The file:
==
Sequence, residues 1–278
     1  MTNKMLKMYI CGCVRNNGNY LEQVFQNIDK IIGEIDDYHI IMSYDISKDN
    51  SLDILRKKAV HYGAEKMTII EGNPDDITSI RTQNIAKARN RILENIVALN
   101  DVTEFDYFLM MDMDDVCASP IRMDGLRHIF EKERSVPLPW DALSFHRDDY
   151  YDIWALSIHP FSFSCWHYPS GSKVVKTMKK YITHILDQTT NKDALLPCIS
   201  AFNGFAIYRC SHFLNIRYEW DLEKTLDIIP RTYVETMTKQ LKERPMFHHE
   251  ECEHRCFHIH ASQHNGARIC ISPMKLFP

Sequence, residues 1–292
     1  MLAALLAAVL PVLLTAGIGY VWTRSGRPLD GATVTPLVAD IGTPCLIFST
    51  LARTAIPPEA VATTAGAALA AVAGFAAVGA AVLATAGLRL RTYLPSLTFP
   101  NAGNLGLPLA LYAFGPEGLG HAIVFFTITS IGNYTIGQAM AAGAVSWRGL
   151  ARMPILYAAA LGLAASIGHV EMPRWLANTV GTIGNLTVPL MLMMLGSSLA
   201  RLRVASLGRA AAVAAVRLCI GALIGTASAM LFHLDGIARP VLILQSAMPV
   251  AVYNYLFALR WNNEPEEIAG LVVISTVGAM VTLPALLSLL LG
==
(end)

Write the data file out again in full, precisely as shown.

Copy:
Sequence, residues 1–278
     1  MTNKMLKMYI CGCVRNNGNY LEQVFQNIDK IIGEIDDYHI IMSYDISKDN
    51  SLDILRKKAV HYGAEKMTII EGNPDDITSI RTQNIAKARN RILENIVALN
   101  DVTEFDYFLM MDMDDVCASP IRMDGLRHIF EKERSVPLPW DALSFHRDDY
   151  YDIWALSIHP FSFSCWHYPS GSKVVKTMKK YITHILDQTT NKDALLPCIS
   201  AFNGFAIYRC SHFLNIRYEW DLEKTLDIIP RTYVETMTKQ LKERPMFHHE
   251  ECEHRCFHIH ASQHNGARIC ISPMKLFP

Sequence, residues 1–292
     1  MLAALLAAVL PVLLTAGIGY VWTRSGRPLD GATVTPLVAD IGTPCLIFST
    51  LARTAIPPEA VATTAGAALA AVAGFAAVGA AVLATAGLRL RTYLPSLTFP
   101  NAGNLGLPLA LYAFGPEGLG HAIVFFTITS IGNYTIGQAM AAGAVSWRGL
   151  ARMPILYAAA LGLAASIGHV EMPRWLANTV GTIGNLTVPL MLMMLGSSLA
   201  RLRVASLGRA AAVAAVRLCI GALIGTASAM LFHLDGIARP VLILQSAMPV
   251  AVYNYLFALR WNNEPEEIAG LVVISTVGAM VTLPALLSLL LG